Popping a birth-control pill could significantly impact your long-term relationship choices, new research suggests.
Comparing the relationships of women who were on the pill when they met their partner with those who weren't, researchers found that pill users were less sexually satisfied, but happier overall with their relationships than women not taking birth control when they first met their mate.
"These results are in line with what we and other groups have seen in the lab," study researcher Lisa DeBruine, of the University of Aberdeen, told LiveScience in an e-mail. "Although they're less sexually satisfied, they are MORE satisfied with nonsexual aspects of their relationship, including a partner’s financial provision and support." [6 (Other) Great Things Sex Can Do For You]
Polling the pill
The study, performed by lead author Craig Roberts, of the University of Stirling in the U.K., polled about 2,000 women from all over the world, including the U.S., U.K. and the Czech Republic. The average age of the women was around 37, and to make sure the levels of relationship commitment were comparable, they were asked about their relationships with the fathers of their first children.
The women filled out surveys about their relationships and sex lives. Oddly, these couples who met while the woman was on hormonal birth control were also more emotionally satisfied and were more likely to stay together, on average about two years longer. If those couples did separate, the break-up was more likely to be initiated by the woman.
While the nonsexual parts of their relationship were satisfying, these women showed increasing sexual dissatisfaction during their relationships, while there was no change in nonusers. This increasing sexual dissatisfaction could lead to a tipping point between emotional and financial satisfaction and a desire to be sexually satisfied, the researchers suggest.
Pill use and attraction
Though the biology behind this phenomenon is unknown, DeBruine believes it's most likely related to the hormones found in the pill used to control fertility. "The biological mechanisms are almost certainly linked to hormones," she said. "Hormones influence our bodies and behavior in many ways, so we're still researching exactly how hormones affect mating behavior."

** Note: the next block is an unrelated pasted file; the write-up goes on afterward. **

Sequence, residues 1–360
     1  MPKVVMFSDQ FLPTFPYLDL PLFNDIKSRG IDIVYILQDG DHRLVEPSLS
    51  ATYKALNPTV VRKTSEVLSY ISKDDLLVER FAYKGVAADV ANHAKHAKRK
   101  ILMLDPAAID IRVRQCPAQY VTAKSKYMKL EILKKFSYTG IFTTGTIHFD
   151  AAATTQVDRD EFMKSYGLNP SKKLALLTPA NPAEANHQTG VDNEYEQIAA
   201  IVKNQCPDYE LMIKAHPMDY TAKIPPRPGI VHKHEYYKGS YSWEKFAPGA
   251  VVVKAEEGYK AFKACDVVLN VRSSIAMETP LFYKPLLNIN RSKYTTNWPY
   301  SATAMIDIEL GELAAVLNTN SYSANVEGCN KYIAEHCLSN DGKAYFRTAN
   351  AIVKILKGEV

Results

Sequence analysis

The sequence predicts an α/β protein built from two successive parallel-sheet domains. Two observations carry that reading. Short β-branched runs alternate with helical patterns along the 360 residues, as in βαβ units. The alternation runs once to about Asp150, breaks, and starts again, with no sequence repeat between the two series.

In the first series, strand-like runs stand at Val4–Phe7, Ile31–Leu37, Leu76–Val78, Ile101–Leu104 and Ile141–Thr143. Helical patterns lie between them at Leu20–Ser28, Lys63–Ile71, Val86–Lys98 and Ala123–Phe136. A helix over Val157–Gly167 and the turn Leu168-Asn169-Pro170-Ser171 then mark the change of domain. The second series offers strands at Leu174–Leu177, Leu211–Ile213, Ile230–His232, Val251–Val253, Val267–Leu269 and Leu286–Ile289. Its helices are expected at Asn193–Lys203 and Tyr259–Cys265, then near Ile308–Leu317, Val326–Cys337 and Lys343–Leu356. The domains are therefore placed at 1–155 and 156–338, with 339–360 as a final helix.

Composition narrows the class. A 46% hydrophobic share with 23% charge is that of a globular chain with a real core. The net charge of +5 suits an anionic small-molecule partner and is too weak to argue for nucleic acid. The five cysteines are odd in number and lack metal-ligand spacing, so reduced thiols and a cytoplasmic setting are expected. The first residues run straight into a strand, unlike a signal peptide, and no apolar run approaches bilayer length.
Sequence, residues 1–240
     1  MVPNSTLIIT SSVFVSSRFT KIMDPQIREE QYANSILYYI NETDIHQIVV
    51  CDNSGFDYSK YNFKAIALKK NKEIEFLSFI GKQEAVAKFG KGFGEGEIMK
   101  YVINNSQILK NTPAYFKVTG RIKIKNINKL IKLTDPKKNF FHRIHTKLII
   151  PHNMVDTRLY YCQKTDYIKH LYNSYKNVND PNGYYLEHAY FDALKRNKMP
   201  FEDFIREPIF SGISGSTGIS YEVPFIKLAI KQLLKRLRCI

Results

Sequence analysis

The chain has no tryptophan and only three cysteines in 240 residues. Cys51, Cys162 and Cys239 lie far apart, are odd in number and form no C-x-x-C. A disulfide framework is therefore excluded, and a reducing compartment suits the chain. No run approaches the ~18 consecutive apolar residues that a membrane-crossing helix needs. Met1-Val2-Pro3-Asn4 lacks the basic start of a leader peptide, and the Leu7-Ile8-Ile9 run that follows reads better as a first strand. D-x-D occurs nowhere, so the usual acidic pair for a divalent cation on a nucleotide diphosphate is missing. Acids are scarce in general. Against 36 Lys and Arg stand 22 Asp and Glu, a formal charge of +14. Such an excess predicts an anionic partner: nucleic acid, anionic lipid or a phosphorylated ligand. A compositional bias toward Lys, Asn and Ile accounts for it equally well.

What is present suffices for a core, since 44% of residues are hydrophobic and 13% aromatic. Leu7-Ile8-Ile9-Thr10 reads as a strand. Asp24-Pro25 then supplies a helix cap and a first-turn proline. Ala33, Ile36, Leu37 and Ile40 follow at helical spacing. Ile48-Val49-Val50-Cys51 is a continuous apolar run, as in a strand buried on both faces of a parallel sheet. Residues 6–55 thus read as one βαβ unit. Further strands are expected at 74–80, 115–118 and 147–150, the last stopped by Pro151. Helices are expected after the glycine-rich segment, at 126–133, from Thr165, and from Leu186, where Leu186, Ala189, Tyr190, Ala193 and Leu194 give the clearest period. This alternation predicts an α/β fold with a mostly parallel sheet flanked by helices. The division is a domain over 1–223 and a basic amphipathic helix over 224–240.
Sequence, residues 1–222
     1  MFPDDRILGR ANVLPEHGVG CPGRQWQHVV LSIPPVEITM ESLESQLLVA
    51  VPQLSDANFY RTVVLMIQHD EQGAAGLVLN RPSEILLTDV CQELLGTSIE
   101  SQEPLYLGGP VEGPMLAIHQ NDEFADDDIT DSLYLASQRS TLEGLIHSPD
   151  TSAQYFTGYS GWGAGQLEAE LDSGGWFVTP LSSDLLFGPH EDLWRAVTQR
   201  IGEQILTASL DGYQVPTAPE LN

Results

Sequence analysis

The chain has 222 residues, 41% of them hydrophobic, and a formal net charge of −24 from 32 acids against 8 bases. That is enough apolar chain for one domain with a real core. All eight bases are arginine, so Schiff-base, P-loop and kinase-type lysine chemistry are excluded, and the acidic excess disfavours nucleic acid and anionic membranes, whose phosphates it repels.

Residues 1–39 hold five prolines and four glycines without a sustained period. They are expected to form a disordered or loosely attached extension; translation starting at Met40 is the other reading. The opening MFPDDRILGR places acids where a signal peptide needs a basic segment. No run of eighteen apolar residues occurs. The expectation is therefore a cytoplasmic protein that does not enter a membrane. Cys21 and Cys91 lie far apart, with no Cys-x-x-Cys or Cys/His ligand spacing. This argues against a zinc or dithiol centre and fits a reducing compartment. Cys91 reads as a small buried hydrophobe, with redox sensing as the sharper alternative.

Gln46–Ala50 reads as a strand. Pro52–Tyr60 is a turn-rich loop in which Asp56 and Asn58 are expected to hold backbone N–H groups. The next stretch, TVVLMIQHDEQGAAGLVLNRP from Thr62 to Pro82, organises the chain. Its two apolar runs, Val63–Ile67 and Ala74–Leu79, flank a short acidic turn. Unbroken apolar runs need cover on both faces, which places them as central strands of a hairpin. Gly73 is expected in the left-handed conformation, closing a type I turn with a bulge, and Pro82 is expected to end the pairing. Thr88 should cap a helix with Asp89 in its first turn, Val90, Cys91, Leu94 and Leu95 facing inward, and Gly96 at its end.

These hormones influence what characteristics women are attracted to in a mate. Studies have shown that a main component of attraction is a desire to find a genetically dissimilar partner,specifically in genes called the major histocompatibility complex (or MHC) that are involved in the body’s immune system. Having a large selection in these genes improves the immune system and can make for healthier offspring in the long run.
When women are on the pill, however, they are in an "eternally pregnant state," meaning they aren’t ovulating and may be wired to instead to seek out genetically similar men — essentially, the genetic equivalent of a relative — because evolutionarily, family would help raise the baby. This desire for genetically similar men was found in a study published in the journal Proceedings of the Royal Society B: Biological Sciences. That same 2008 study found that women not taking hormonal birth control prefer genetically dissimilar men and those with higher testosterone levels and more masculine features.
And supporting the lower sexual satisfaction in birth-control couples, previous research has indicated that females with genetically similar partners express lower sexual satisfaction and have a higher interest in having sex with someone who isn't their partner; essentially, they think about cheating.
Though the new study didn't test genetic similarity, they found that women who had been on a progesterone birth-control pill when their relationship started expressed sexual dissatisfaction and desire to cheat.
Jonathan Schaffir, a doctor at Ohio State University Medical Center who has studied the link between hormonal contraception and sexual desire but who wasn't involved in this study, suggested that trying to tease out the effect of hormonal birth control on something as complex as mate choice can be misleading.
"It's not likely that a small change in a single biological parameter will make a big difference," noting that the differences the study found, while statistically significant, were small. He said a forward-looking study, or an investigation of possible biological effects of the hormone treatment would have been more convincing. [The History and Future of Birth Control]
"This type of retrospective study cannot fully explain all of the complex processes that shape relationships," DeBruine told LiveScience. "Our findings do suggest that these processes play out slightly differently in women who were and were not using the pill when they met their partner."
Schaffir worries about how women might interpret these findings. "Sometimes people give good forms of birth control a bad name by suggesting that they might have [these kinds of] effects," Schaffir told LiveScience. "I don't want women to have the impression that they shouldn’t use reliable birth control because of dubious psychosocial effects."
The study was published today (Oct. 11) in the journal Proceedings of the Royal Society B: Biological Sciences.